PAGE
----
Postpartum disorders (mental health disorders starting after delivery of a child) require special attention as they can negatively affect not only the mother, but also the child and the family as a whole. Research at the time estimated that up to 40% of females with OCD reported a symptom onset during or after pregnancy.
This study by Ms. Cromer and her team aimed to test whether an intervention program based on cognitive behavioral therapy (CBT) would be effective in treating mothers with postpartum OCD. 71 expecting mothers with an increased risk of OCD symptoms in their second or third trimester were put either into the intervention group (n=38) or a control group (n=37), both of which were part of traditional childbirth education classes. At all three postpartum assessments (one-month, three-month, and six-month), the intervention group had significantly lower OCD symptoms (below clinical significance) than the control group (which had clinically significant symptom scores). Mothers in the intervention group also had decreasing levels of cognitive distortions. This study supported the potential for including a CBT-based module in childbirth education classes to decrease the burden of perinatal OCD.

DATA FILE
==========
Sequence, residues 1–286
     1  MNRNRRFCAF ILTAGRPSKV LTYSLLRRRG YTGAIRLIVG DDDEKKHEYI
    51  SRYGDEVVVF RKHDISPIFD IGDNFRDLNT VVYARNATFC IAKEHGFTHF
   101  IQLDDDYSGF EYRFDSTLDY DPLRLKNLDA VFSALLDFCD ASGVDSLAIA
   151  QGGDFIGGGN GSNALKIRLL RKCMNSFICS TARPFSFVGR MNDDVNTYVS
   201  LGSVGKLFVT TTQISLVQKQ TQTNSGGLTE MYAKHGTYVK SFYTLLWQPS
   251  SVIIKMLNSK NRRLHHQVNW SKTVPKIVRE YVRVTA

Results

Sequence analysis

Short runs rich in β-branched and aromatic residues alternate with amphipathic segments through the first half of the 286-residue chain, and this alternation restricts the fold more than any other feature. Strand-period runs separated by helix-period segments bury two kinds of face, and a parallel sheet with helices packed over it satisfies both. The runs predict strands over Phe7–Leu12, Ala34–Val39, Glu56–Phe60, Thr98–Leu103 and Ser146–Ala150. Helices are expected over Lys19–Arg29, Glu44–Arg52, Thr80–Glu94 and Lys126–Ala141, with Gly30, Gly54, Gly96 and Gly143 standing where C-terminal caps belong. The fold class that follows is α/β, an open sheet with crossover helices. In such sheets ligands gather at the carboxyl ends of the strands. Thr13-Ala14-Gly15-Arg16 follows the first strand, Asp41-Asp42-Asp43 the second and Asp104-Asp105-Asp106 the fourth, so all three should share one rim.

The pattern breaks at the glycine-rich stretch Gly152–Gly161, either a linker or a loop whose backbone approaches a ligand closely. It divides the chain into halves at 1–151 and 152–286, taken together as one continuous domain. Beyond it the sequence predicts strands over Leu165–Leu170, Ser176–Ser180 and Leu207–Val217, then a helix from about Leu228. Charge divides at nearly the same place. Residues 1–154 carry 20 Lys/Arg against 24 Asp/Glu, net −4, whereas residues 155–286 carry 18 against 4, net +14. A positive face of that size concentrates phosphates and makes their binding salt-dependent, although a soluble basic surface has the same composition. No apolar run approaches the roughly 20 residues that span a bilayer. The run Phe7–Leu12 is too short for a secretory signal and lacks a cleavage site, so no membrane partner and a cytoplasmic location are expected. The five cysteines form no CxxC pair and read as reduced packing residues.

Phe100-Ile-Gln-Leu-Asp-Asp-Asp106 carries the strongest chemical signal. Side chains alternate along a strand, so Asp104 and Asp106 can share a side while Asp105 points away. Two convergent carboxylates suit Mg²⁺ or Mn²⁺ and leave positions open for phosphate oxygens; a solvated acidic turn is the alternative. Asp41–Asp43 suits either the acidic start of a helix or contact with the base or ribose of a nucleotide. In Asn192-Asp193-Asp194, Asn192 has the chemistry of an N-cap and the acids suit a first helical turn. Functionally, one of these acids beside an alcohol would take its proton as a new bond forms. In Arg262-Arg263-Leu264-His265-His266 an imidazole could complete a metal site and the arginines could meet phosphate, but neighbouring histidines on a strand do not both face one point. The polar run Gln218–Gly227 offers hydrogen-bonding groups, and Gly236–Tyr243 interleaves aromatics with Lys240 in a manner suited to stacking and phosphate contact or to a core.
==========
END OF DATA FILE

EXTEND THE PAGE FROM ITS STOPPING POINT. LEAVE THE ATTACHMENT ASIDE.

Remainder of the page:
Timpano, K.R., Abramowitz, J.S., Mahaffey, B.L., Mitchell, M.A., & Schmidt, N.B. (2011). Efficacy of a prevention program for postpartum obsessive-compulsive symptoms. Journal of Psychiatric Research, 45, 1511-1517. doi:10.1016/j.jpsychires.2011.06.015